- The Washington Times - Wednesday, July 12, 2000

BELFAST Police struggling to control a hard-line Protestant rebellion said yesterday they hoped street mayhem would subside once the Orange Order brotherhood mounts its biggest drum-thumping displays across Northern Ireland.
Catholics say police haven't done enough to protect them or to crack down on Orange protests. Scores of Catholic properties have been attacked, including two churches in predominantly Protestant towns.
Anti-Protestant extremists also have been active. Six Protestants were hospitalized for smoke inhalation after their rural Orange hall was struck with gasoline bombs early yesterday.
At least 80,000 Orangemen were expected to march through Belfast and more than a dozen other towns today for the Twelfth, a profoundly divisive holiday that commemorates the 1690 victory of Protestant William of Orange over his Roman Catholic foe, James II.
"We're taking nothing for granted, but the protests must run out of steam sometime. We're hoping that the Twelfth will mark that moment when people come to their senses," said Chief Superintendent Brian McCargo of the Royal Ulster Constabulary, the province's mostly Protestant police force.
Police said that since Protestants began rioting July 2 over a blocked Orange Order parade in Portadown the organization's spiritual home 146 suspected rioters had been arrested, nearly 1,000 gasoline bombs seized, 88 vehicles hijacked and burned, and 57 officers and five British soldiers wounded.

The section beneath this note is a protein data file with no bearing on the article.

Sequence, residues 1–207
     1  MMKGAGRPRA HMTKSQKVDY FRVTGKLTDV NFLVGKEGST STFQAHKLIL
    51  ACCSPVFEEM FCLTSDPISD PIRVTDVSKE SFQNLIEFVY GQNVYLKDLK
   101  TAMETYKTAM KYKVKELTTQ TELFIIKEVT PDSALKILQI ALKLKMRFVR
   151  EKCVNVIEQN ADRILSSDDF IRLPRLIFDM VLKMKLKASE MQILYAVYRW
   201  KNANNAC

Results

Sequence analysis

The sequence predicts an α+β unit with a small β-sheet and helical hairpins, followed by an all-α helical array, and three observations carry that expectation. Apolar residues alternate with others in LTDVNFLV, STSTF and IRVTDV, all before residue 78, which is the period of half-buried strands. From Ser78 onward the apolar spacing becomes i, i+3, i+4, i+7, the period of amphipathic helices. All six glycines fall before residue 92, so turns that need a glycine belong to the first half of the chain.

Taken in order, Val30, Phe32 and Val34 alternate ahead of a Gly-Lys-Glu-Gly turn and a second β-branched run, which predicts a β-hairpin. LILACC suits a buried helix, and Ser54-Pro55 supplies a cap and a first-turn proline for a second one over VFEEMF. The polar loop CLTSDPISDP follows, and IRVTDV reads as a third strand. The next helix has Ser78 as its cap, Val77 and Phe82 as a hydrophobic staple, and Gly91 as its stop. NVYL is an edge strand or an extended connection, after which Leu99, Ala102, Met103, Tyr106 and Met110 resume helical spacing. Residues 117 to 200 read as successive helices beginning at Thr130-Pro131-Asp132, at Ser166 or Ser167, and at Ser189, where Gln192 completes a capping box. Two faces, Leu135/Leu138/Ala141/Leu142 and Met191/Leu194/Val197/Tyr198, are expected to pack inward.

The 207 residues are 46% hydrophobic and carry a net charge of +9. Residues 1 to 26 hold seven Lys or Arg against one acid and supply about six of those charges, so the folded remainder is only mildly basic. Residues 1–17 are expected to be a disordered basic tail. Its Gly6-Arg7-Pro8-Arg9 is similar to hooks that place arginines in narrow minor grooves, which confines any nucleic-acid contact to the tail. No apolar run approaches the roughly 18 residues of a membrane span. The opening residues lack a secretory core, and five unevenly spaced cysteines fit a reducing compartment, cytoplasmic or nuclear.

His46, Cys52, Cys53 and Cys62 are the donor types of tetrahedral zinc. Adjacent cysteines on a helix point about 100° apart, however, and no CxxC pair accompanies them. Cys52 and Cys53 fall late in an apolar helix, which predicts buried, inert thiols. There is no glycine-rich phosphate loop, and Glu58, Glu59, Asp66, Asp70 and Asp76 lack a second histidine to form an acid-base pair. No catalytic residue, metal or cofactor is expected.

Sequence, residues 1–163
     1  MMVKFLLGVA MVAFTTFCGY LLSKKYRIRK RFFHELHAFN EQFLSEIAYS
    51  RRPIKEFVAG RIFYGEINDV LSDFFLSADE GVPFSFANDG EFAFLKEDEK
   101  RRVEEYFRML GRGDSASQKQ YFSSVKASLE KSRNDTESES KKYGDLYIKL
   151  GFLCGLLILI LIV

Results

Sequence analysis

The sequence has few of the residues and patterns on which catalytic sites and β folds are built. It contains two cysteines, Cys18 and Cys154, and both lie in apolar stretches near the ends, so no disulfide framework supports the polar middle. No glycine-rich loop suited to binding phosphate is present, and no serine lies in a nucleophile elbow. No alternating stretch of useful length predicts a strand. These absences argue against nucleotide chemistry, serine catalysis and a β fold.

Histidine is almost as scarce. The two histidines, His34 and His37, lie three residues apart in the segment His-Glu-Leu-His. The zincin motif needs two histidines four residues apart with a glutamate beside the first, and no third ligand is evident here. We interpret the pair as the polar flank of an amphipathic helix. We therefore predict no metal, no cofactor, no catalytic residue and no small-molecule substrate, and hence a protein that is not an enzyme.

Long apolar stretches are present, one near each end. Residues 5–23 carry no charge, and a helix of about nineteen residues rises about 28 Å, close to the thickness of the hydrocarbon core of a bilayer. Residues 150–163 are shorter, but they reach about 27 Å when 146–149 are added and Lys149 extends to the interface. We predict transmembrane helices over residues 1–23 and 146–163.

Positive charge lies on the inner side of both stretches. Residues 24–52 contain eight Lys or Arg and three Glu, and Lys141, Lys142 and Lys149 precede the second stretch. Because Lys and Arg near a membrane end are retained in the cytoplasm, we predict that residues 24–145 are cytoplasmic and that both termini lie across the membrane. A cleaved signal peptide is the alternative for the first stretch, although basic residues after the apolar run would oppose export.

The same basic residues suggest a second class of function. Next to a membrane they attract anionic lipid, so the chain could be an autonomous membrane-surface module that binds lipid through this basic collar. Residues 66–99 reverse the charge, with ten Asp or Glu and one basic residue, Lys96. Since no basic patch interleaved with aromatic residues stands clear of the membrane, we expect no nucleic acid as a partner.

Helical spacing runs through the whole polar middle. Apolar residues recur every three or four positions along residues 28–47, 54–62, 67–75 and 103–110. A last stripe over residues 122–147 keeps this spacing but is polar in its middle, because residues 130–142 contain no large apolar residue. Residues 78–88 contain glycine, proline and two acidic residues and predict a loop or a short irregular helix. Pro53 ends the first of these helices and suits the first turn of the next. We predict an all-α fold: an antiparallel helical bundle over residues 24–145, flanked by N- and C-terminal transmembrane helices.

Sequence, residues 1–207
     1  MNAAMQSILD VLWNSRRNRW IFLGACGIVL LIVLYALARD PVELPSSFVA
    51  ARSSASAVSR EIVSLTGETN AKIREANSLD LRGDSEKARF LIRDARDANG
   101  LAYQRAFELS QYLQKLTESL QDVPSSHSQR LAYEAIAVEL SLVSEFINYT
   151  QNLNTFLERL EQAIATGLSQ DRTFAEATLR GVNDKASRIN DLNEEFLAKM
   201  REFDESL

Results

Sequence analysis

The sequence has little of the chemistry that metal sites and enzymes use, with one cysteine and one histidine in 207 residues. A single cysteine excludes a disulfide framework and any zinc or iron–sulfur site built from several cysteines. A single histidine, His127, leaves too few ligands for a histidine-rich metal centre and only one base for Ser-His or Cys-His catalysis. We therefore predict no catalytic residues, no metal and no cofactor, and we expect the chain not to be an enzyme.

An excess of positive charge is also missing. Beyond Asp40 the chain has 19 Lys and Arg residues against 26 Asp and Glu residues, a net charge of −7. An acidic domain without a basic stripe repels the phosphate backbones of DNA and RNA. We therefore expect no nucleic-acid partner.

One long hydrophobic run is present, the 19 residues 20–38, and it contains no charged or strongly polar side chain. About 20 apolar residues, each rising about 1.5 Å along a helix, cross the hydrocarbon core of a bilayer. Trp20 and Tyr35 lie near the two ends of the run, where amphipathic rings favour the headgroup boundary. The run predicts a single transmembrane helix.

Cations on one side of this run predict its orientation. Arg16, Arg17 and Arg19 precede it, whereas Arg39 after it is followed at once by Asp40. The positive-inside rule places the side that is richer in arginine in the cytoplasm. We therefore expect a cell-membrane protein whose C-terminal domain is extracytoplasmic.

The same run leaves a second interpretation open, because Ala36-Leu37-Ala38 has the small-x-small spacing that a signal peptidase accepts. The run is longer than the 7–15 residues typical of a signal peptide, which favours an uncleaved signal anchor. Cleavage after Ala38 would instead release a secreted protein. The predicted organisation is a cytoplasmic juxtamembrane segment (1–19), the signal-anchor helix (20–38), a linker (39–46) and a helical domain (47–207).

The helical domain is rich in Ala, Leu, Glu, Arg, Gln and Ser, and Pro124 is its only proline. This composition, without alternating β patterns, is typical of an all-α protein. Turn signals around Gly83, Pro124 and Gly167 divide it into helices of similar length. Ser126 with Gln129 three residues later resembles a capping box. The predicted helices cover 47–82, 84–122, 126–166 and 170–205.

Orange leaders urged their supporters yesterday to behave "in a totally peaceful manner" and "to be constant in prayer" an unlikely prospect given the traditional eve-of-march focus on heavy drinking around towering bonfires of wood planks, discarded furniture and tires.
The Twelfth has always served to deepen intercommunal tensions between British Protestants and Irish Catholics, who regard the marches particularly their unruly "kick the pope" bands of fife and drum as designed to insult and intimidate.
The Orange Order is an instrument of Protestant solidarity crucial to Northern Ireland's foundation in the 1920s, when the predominantly Catholic rest of Ireland broke free of Britain.
Until recent years, its marches usually stirred little violence, largely because Orangemen paraded the same routes year after year without challenge. But since 1995, when militant Catholic groups began blocking a few key parades that pass near or through Catholic areas, July has become a sectarian battleground.
To Orange fury, British authorities gradually have opted to block the most controversial processions in Belfast and Portadown rather than provoke Catholic riots.
A government-appointed Parades Commission has ordered Orangemen to steer clear of several predominantly Catholic villages today, as well as Lower Ormeau, a Catholic enclave beside a major south Belfast road. In response, Belfast Orangemen have decided to divert their entire city parade to a park across the Lagan River from Lower Ormeau.
Several thousand Orange members and their supporters blocked scores of roads Monday, causing Belfast and several other towns to shut their commercial centers early in anticipation of traffic chaos. After another night of clashes with police and the burning of stolen cars, surprise roadblocks resumed yesterday.

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